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REVIEW: Bonds of Justice by Nalini Singh

Bonds of Justice by Nallini SinghDear Ms. Singh,

Being human in the Psy/Changeling world you’ve created must suck. Humans are at the very bottom of the Darwinian food chain, with both the Psy and Changelings well ahead of them in terms of mental and physical development. Or so it would seem from a peripheral reading and understanding of the world you’ve created. To make a human appear both desirable and powerful within this construct, without changing or giving him or her some sort of secret edge, isn’t easy. In  Bonds of Justice, you have accomplished it beautifully. I’ll make no bones about it: I  totallywant Max Shannon.

Max is a human cop in heavily Psy-influenced Enforcement, which shouldn’t automatically preclude him from advancing; the Psy think of humans as weak and malleable and when they want cops to look the other way they simply plant a mental suggestion that a human cop do so. But Max has a natural strong mental shield (no, this is not crazily unusual in humans), preventing the higher-ranked Psy officers (or anyone, for that matter) from planting suggestions, making him overlook evidence, or anything a "crooked" cop would do. Max also happens to be a very smart guy and an excellent cop, and realizes that he couldn’t live with himself knowing that his morals had been compromised.

After successfully incarcerating a serial murderer, Max is introduced to Sophia Russo, a J-Psy that has been put on the case after other J-Psy failed at extracting the location of the murderer’s victims. The J, or Justice, Psy have the special ability to delve into a person’s mind, extract a memory and project them in full to another person, a courtroom, or a jury. Unfortunately, the J designation is known to "retire" (read: be turned into a vegetable by Psy rehabilitation) early in their careers as a result of their special ability. When Sophia meets Max, she knows she’s getting close to rehabilitation, and had decided that the moment she finds out that she’s to be rehabilitated, she’ll suicide before being turned into a shell of what she is. She’s aware of her deterioration, but refuses to give up or give in.

Max is immediately intrigued by the juxtaposition of Sophia’s strength and vulnerability even though he knows that the chances of seeing her again are slim at best. Then Max is called by Psy Councilor Nikita Duncan to investigate a string of suspicious murders. Nikita has used her influence to have Sophia put on the case as well. On the surface, having a human cop work a case for a member of the Psy Council seems like a weak plot turn, but rest assured that there is nothing weak about the plot in this book. Nor is there anything weak about Max and Sophia’s relationship. Neither of them shy away from their obvious attraction. Rather than beating about the proverbial bush, they ask for, and receive, each others’ trust. There is  a lot going on in this book in terms of overall series plot; however, Max and Sophia’s interactions do not read like a secondary plot. They are riveting and I couldn’t get enough of them together. Max and Sophia were so hot together that before they even managed to have sex, I was sure the book was going to spontaneously combust in my hands.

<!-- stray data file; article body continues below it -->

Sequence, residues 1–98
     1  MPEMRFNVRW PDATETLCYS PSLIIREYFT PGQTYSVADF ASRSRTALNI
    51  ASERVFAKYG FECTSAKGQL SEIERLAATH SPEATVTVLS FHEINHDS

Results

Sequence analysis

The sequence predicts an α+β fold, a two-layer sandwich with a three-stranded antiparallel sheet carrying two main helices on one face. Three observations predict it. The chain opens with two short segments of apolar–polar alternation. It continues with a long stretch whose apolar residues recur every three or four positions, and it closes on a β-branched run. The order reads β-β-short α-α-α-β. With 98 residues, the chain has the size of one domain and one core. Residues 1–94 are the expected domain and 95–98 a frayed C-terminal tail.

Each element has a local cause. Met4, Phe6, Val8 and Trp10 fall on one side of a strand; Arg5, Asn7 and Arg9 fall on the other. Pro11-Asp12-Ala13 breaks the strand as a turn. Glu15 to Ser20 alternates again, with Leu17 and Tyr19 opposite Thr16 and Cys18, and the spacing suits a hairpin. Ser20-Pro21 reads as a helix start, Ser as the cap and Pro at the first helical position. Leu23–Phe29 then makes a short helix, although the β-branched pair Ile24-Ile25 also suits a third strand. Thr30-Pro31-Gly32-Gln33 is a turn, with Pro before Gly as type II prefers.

I will mention it here, and I’ve said it in other reviews of the Psy/Changeling series: if you have not read the previous books in the series, you may be lost. The books are all interconnected, the characters reappear…and they don’t simply make Brandoesque cameos. Lucas and Sascha, the H/H of  Slave to Sensation, have a major role in the book, as do Clay, Tally, Faith and Vaughn along with appearances from Dorian and yes, Kaleb Krycheck (who happens to be at the absolute top of my to do list amongst the Psy/Changeling cast). The books seem to be following a similar arc as many of the characters do, but on a much larger scale: what started out as background is becoming more interwoven into the stories,more important to the plot of each book, and each character that is introduced is playing a role. All of these elements came together with amazing synchronicity in  Bonds of Justice. A.


Book Link | Kindle | Amazon | nook | BN | Borders
| Sony | Kobo |

This is a trade paperback published by Berkley and subject to Agency pricing. (I bought Bonds of Justice at $5.49 at Kobo Books. Not sure how/why they are discounting but yay?)

Sydney (better known by her handle, Shuzluva) knew that she wanted to be Han Solo's copilot after seeing Star Wars at the tender age of 5. She fell in love with romance novels over 20 years ago when she got her hands on Sandra Brown's Texas! trilogy, and in the mid 90's was overjoyed to discover romance writers had branched out into the world of SciFi/fantasy. While she enjoys the occasional contemporary or historical novel, the world of SciFi holds an unshakable fascination for her. Some of her favorite authors include Nalini Singh, Catherine Asaro and Kresley Cole, and she's always interested in adding new authors to the list.


  1. madscientistnz
    Jul 05, 2010 @ 13:25:19

    Trade paperback? Because my copy is mass market.

    Even at three books a year, I don’t think Nalini Singh writes fast enough!

  2. Tweets that mention REVIEW: Bonds of Justice by Nalini Singh | Dear Author --
    Jul 05, 2010 @ 14:24:03